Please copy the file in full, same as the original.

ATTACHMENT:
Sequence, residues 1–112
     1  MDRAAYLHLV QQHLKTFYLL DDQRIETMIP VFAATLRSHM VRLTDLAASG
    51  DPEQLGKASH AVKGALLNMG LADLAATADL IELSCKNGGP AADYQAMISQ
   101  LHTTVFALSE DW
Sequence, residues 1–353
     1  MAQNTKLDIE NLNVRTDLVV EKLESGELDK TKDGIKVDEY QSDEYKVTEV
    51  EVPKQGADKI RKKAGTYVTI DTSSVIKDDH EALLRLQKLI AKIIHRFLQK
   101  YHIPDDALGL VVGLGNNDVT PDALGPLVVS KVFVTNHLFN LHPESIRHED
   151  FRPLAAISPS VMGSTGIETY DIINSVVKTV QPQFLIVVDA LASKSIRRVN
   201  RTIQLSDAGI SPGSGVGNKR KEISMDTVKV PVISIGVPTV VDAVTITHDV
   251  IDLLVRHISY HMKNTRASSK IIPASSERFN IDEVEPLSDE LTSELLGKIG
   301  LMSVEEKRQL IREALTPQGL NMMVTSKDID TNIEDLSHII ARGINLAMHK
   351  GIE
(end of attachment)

Sequence, residues 1–112
     1  MDRAAYLHLV QQHLKTFYLL DDQRIETMIP VFAATLRSHM VRLTDLAASG
    51  DPEQLGKASH AVKGALLNMG LADLAATADL IELSCKNGGP AADYQAMISQ
   101  LHTTVFALSE DW
Sequence, residues 1–353
     1  MAQNTKLDIE NLNVRTDLVV EKLESGELDK TKDGIKVDEY QSDEYKVTEV
    51  EVPKQGADKI RKKAGTYVTI DTSSVIKDDH EALLRLQKLI AKIIHRFLQK
   101  YHIPDDALGL VVGLGNNDVT PDALGPLVVS KVFVTNHLFN LHPESIRHED
   151  FRPLAAISPS VMGSTGIETY DIINSVVKTV QPQFLIVVDA LASKSIRRVN
   201  RTIQLSDAGI SPGSGVGNKR KEISMDTVKV PVISIGVPTV VDAVTITHDV
   251  IDLLVRHISY HMKNTRASSK IIPASSERFN IDEVEPLSDE LTSELLGKIG
   301  LMSVEEKRQL IREALTPQGL NMMVTSKDID TNIEDLSHII ARGINLAMHK
   351  GIE